QUESTION: Sure. And on Libya, do you see two governments in Tripoli and Benghazi? Would you support one unified government?
SECRETARY BLINKEN: What we support at this point is the need to get to an election so that there can be a clear and legitimate government that reflects the Libyan people. And that’s clearly what the Libyan people want. So the special representative of the secretary-general of the United Nations has a plan to try to move to an election at the earliest possible moment. That’s the most critical next step. That’s how you get, finally, unity in the country and a government that’s clearly legitimate and responsive to what the people want.
QUESTION: And finally, I think my time is up, but I want to ask you about the – Türkiye and Palestine. On Türkiye, do you support their incursion in northern Syria? And how do you see this rapprochement between the Turks and others towards Assad regime?
SECRETARY BLINKEN: So two things. When it comes to northern Syria, we’ve urged everyone to try to calm the waters. And what we don’t need, I don’t think what anyone needs is a military incursion in northern Syria. That risks, of course, doing tremendous damage to civilians and innocent people. It actually potentially would disrupt the efforts to continue to keep Daesh at bay and take the focus off of that, where it needs to be. And so it’s not, frankly, in anyone’s interests.
Türkiye has legitimate security interests. There’s no disputing that. But those interests can be dealt with effectively without, I think, a military intervention.
QUESTION: And the Assad regime?
SECRETARY BLINKEN: And when it comes to the Assad regime, look, we’re very clear. We don’t support normalization. The challenge is this: The United Nations has proposed a process, a step-by-step process leading to the implementation of the relevant UN Security Council resolutions, a political way forward. We support that. Unfortunately, the Assad regime does not and has refused to engage in that process. Unless and until it does, it’s very hard to see how you can move forward.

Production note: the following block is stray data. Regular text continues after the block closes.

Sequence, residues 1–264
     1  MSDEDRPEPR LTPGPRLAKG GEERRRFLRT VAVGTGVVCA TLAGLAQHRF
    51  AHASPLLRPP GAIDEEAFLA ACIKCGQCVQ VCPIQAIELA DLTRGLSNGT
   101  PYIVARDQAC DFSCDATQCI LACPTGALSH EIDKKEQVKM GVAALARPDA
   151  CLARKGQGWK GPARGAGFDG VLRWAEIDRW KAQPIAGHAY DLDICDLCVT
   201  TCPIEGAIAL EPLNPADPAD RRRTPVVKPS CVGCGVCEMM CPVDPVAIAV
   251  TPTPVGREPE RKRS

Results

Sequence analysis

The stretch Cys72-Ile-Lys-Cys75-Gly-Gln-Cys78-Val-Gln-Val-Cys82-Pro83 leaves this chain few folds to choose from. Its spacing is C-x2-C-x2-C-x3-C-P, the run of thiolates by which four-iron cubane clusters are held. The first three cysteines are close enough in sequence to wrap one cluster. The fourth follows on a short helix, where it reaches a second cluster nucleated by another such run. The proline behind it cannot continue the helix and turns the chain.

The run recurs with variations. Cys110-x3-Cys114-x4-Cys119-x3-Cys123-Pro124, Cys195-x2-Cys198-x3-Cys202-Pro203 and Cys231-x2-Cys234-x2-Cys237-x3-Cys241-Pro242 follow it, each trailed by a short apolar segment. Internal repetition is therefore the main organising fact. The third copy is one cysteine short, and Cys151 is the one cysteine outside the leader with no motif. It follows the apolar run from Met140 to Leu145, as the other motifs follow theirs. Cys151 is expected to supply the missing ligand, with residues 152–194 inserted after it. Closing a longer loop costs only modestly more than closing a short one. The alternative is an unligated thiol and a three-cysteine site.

QUESTION: Finally, you’re going to Ramallah and Jerusalem. How can you defuse the tension? Do you fear a third intifada? How can you activate a meaningful meaning of the two-state solution?
SECRETARY BLINKEN: Look, I’ll have more to say about that in the next couple of days when we go there. I think we’ve seen horrific terrorist attacks in the last couple of days that we condemn and deplore. President Biden has spoken to this. We also see civilian loss of life that is very deeply disturbing. And the most important thing in the near term is to try to get some calm. But I’ll have more to say to that in the next couple of days. I want the chance to speak to the Israeli Government, to the Palestinian Authority leadership, to hear from people as well who are being affected by this in their daily lives.
QUESTION: Mr. Secretary, thank you so much for your time. We appreciate it.
SECRETARY BLINKEN: Thank you. Very good to be with you. Thank you.
QUESTION: Thank you.